In June 2016, the University System of Georgia released a series of audits that detailed financial misconduct at Kennesaw State University. The audits include allegations that span everything from dining services’ $5 million debt to the KSU Foundation funding car payments for the former president every three years.
One year later, President Sam Olens sat down with The Sentinel to address the university’s progress and financial standing.
The biggest hurdle is dining services’ $5 million deficit. Many of the eateries on the Kennesaw campus have been consistently losing money each year, sometimes totaling as much as $200,000. This year, Olens said, the university is set to break even.
“The goal is that we will make a dent in the deficit by this next fiscal year,” he said.
But breaking even is a start, and Olens said it took plenty of changes to get to that point. Contracts with third-party vendors were amended per suggestion from the USG, including removing a $750,000 catering budget just for the former president. Additionally, dining services transitioned from being run by a third-party vendor to a model of self-operation this summer.
Self-operating the facilities means the university can better manage waste, costs, personnel and other factors that affect the bottom-line without paying a middleman.
“It’s a win for the students from the dollars perspective,” Olens said. “From a food perspective, it tasted just as good to me as before. I didn’t notice any difference at all.”
In addition to the cost savings, this model also allows the Leven School of Culinary Sustainability and Hospitality to be more involved in dining services. Third-party vendors would not allow students to cook food or perform other duties, but now these students can apply their learning in a practical environment.
Olens also pointed out that the elimination of mandatory meal plans for commuter students, which will fully take effect during the upcoming semester, was another recommendation from the USG in last year’s audits.
Olens noted, however, that many of these changes had already been put into place when he took office in November 2016.
“A lot of credit goes to the interim president, Houston Davis,” Olens said. “I’ve certainly continued the process that he started.”
Culture of Ethics
He also addressed the many personnel transitions that have occurred over the last year, including adding a new chief business officer, chief legal officer, chief information officer and internal auditor, among other positions. These changes, Olens explained, reflected the university’s dire need for a better culture of ethics.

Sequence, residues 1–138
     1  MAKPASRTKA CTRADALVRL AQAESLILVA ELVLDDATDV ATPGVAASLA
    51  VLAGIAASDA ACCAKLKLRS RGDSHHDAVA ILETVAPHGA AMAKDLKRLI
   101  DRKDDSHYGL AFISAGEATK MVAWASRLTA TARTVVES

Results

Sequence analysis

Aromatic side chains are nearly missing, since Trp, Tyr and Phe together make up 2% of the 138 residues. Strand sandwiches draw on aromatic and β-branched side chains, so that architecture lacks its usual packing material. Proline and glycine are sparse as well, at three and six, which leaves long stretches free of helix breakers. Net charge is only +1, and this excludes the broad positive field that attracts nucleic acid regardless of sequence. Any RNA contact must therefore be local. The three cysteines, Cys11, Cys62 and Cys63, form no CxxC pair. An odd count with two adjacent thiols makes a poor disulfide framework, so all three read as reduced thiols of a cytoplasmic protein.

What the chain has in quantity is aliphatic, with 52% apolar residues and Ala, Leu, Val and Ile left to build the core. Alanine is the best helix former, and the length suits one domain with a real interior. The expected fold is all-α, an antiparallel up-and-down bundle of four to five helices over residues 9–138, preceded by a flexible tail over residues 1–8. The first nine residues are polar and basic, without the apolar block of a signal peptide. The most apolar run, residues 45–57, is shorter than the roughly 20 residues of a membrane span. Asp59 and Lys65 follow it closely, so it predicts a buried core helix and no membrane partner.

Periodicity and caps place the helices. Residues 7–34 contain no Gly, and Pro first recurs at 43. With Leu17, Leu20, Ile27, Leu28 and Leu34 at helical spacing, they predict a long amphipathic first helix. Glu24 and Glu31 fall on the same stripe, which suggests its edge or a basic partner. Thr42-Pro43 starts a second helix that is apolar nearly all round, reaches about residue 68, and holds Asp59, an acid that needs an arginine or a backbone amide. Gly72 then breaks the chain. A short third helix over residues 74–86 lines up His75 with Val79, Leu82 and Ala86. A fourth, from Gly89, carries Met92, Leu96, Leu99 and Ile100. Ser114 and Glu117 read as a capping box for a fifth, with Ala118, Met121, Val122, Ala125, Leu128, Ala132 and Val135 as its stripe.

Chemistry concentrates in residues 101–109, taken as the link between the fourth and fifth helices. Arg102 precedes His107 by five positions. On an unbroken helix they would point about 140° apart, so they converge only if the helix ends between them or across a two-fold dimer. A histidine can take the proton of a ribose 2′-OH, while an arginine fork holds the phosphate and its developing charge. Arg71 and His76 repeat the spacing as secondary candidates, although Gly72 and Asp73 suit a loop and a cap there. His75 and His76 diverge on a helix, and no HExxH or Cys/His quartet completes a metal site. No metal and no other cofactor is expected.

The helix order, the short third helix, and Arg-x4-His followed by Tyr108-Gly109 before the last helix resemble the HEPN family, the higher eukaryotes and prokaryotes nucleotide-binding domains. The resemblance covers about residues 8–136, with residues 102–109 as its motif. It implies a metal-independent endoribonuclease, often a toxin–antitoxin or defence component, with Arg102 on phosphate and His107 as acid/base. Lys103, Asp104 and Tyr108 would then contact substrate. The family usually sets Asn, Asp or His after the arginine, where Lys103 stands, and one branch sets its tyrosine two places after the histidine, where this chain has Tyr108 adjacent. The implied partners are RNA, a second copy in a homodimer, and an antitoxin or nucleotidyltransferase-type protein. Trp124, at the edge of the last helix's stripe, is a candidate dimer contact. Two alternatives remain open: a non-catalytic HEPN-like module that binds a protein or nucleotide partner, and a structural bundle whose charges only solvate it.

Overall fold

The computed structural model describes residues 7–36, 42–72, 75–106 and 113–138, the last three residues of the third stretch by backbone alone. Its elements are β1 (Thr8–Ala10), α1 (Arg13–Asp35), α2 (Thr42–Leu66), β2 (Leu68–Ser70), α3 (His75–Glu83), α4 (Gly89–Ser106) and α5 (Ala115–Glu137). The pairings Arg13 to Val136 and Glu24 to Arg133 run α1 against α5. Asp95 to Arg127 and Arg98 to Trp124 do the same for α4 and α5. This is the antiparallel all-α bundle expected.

“It only related to several people — that’s the good news,” he said. “The bad news was the people were high up so that they had more effect.”
As for the audits’ concerns with the integrity of the KSU Foundation, the entity that manages private gifts and contributions to the university, Olens credits Jim Dunn with correcting those problems. Dunn is acting head of the foundation and will officially take over in August.
“The relationship between the foundation and the university — and the foundation and the University System of Georgia — is probably the best it’s been in years,” Olens said. “Jim has done a great job with that. He’s really spent a lot of time to improve those relationships.”
Change, Olens said, is a normal part of any university, and most of the major steps to address the audit issues have been completed.
“We’re probably 80 percent through all the processes that were necessary,” Olens said. “It is my expectation that we will complete the journey by the end of August.”
He is now looking ahead to new projects that will affect students on both campuses. A new building, called the Academic Learning Center, is in the works to be built next to the student center on the Kennesaw campus, which Olens said will hold more classrooms. On the Marietta campus, KSU will be expanding Building G and updating the labs.
“There are so many faculty doing great work here, so many students doing great work here,” Olens said. “It was really essential to get past the audits and move to the future. Having said that, you had to clean up the errors before you could do that.”